Unlikely alliance on cards but PA demands could scupper plans
The Patriotic Alliance (PA) will get into bed with the DA to help govern Nelson Mandela Bay if it is given the deputy mayor position as well as the post of political head of safety and security.
Should this not be agreed to, the PA will abandon all coalition talks taking place between the par ties’ national bosses.
PA national chairwoman Leanne Williams said the ball was in the DA’s court to convince its other coalition partners – the ACDP, COPE and UDM – to agree to its conditions.
The ultimatum puts the DA in a difficult position as the deputy mayor post is already filled by the UDM’s Mongameli Bobani and the DA’s John Best heads the safety and security portfolio.
While the relationship between mayor Athol Trollip and Bobani has become increasingly untenable over the last five months, the UDM is still a coalition partner with an agreement in place that was signed at a national level.
But the UDM – with its two seats – has in recent months constantly voted with opposition parties in the council against proposals and agenda items championed by the coalition government.
This is what prompted the unlikely alliance between the DA and PA, which have had a hostile relationship – at local and national level – over the past couple of years.
Yesterday, it emerged that Bay PA councillor Marlon Daniels had already signed a co-governance agreement with Trollip committing his party to working with the DA.
The PA has only one seat in the council. In a letter sent to DA leader Mmusi Maimane and federal executive leader James Selfe on Wednesday, Trollip said he planned to appoint Daniels to his mayoral committee.
“They [PA] have also said they cannot and will not sit and watch the other opposition mobilising and uniting around race to make decisions on the fate of the citizens, especially the poor citizens regarding service delivery and good governance issues,” he wrote.
“If we are committed to providing the citizens of this city and country [with] a united and viable alternative to the ANC in 2019, we will have to take partners like the PA on board.”
Trollip said Daniels had already signed the co-governance agreement and that he had already had a meeting with national PA leader Gayton McKenzie and Williams, who had confirmed their participation and commitment to the agreement.
“In light of this, I would appreciate it if you would inform our other co-signatories to the NMBM co-governance agreement that the PA has joined our coalition and that I intend to appoint councillor Daniels to my mayoral committee,” Trollip wrote.
Including the PA in the coalition does not, however, necessarily give the DA, COPE and ACDP a 61-member majority out of a total of 120 seats.
Instead, if the UDM teams up with the opposition parties and continues to vote against its coalition partners, the council will have a 60-60 member split.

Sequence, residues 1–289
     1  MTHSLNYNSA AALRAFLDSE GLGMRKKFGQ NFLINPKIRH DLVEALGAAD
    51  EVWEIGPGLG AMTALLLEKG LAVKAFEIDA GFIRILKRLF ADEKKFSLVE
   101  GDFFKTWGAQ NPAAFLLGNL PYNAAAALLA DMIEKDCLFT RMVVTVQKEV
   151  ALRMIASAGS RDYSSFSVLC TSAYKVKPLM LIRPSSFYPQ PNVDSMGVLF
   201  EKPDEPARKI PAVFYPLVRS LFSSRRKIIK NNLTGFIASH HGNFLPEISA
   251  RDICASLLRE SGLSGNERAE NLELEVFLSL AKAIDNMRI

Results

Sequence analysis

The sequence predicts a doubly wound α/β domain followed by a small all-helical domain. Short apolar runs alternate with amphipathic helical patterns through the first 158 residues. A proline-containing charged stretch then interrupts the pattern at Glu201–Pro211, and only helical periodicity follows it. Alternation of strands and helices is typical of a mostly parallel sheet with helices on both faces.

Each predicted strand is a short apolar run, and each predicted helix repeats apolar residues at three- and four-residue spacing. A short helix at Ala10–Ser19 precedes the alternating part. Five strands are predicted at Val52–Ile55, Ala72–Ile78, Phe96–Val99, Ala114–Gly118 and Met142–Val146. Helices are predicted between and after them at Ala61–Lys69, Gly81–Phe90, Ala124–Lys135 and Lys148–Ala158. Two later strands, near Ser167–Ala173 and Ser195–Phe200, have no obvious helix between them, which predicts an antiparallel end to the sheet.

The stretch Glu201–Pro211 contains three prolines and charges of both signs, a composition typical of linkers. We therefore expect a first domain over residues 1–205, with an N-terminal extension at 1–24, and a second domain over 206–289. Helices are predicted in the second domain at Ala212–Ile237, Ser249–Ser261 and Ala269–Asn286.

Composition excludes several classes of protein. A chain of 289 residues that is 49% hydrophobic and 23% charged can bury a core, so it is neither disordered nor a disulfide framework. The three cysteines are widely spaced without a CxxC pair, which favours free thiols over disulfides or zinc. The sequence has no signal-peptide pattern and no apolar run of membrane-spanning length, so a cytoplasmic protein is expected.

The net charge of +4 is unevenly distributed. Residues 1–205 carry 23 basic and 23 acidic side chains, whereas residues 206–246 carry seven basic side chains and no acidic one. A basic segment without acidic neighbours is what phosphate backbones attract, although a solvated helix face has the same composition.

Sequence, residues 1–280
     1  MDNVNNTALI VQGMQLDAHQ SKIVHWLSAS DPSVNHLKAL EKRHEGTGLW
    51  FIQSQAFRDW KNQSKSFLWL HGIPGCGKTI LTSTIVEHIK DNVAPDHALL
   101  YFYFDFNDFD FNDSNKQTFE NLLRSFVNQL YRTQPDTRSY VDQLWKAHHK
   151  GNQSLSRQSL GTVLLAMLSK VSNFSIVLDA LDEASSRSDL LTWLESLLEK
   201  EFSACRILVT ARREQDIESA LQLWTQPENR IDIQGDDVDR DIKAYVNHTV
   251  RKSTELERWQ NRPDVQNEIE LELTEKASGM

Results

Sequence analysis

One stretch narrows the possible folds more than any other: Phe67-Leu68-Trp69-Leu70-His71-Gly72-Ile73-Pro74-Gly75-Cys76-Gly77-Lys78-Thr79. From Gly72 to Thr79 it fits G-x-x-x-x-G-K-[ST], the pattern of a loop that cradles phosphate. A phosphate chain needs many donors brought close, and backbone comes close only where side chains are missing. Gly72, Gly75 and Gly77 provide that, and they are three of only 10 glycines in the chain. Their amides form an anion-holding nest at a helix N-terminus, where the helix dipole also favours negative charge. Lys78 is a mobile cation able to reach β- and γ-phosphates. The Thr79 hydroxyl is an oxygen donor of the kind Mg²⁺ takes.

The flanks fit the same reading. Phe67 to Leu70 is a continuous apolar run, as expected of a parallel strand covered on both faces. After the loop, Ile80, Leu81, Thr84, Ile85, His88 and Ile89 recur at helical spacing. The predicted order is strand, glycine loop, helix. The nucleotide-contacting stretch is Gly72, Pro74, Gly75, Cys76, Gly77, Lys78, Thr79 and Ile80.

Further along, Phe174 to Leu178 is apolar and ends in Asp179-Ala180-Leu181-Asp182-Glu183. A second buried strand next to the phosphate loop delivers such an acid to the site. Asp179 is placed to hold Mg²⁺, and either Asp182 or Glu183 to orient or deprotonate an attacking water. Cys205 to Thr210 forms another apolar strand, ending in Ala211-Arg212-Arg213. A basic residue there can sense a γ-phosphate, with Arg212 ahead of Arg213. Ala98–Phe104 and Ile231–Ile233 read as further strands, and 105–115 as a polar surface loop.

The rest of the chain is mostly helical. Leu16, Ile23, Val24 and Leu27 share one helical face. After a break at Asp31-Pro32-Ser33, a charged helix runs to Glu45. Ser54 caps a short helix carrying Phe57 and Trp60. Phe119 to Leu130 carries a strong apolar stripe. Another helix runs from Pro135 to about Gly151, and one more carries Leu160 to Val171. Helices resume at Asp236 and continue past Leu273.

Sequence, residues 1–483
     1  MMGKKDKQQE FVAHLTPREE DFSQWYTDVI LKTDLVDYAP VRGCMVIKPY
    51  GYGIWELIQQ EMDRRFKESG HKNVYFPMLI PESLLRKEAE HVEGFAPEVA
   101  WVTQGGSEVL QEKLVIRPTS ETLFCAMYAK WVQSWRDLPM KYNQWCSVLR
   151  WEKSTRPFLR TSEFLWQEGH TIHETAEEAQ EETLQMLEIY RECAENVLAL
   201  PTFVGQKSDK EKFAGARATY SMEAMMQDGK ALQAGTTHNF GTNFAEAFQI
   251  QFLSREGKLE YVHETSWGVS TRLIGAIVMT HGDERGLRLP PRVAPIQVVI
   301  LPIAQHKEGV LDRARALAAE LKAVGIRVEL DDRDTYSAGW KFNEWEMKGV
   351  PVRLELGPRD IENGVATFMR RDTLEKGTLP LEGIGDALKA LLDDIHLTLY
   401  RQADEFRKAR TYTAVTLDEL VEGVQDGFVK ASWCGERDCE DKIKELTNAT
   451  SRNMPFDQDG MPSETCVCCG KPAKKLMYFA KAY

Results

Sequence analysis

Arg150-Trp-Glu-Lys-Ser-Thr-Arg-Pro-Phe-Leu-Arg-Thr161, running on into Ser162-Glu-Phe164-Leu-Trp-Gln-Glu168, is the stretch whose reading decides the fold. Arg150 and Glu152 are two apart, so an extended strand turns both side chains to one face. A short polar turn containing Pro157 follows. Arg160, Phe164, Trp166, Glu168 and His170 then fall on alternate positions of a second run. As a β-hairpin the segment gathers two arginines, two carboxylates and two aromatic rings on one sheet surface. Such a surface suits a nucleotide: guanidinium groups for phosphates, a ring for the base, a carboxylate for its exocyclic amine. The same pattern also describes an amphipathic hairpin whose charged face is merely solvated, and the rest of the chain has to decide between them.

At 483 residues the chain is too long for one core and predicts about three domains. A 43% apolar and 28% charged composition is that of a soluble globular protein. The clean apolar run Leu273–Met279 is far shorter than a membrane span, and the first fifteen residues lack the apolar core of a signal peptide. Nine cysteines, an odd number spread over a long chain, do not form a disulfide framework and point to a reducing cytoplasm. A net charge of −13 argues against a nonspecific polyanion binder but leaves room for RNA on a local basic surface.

This means the coalition government will not be able to pass budgets, bylaws and all matters related to the city’s finances without the help of at least one opposition councillor.
However, on any other agenda items and motions, council speaker Jonathan Lawack (DA) would have a casting vote, which essentially gives him a deciding vote in the event of a tie. The seat allocations in the council are DA 57, ANC 50, EFF six, UDM two, and COPE, ACDP, United Front, AIC and PA all one each. Williams said they had sent their demands to the DA and these were non-negotiable.
She said they wanted to be in charge of the safety and security portfolio because they believed it would put them in a better position to deal with the violence and crime in the northern areas – where the majority of the PA’s voters lived.
Selfe said it was premature to talk about positions as they still had to finalise the agreement with all the coalition partners. He said the co-governance agreement signed by Trollip and Daniels was the same agreement signed by all the coalition partners, which signified their intention to abide by the provisions stipulated.
The agreement still needed to be formalised and could only be done in consultation with the DA’s other coalition partners. “We are now inviting the views of the other coalition partners,” Selfe said.
Asked if the DA would consider handing over the two positions to the PA, he said: “The deputy mayor remains the deputy mayor, so there’s no change there.
“A discussion on positions is premature because the [partnership has] to be formalised before we talk. “I don’t know when it will be formalised, but it will be done with the objective of building a big and inclusive coalition that can hopefully take on the ANC in 2019.”
Daniels said he had entered into discussions with Trollip because there was a need to create stability in the metro. “What do you do when your back is against the wall?
You look for solutions,” he said. “The discussions are ongoing and subject to a few terms and conditions.” He said the agreement he had signed was a preliminary memorandum of understanding which committed the PA to ensuring stability in the city governance.
Asked about the tense relationship between the DA and PA in the past, Daniels said this had “always been based on assumption, speculation and opinion which had no real verification”.
Meanwhile, UDM president Bantu Holomisa said they were not aware of the agreement between Trollip and Daniels, but the UDM would not challenge it. “They must handle that so-called coalition,” he said.
“If it suits them, let them have it, but we are still part of the coalition.” – Additional reporting by Johnnie Isaac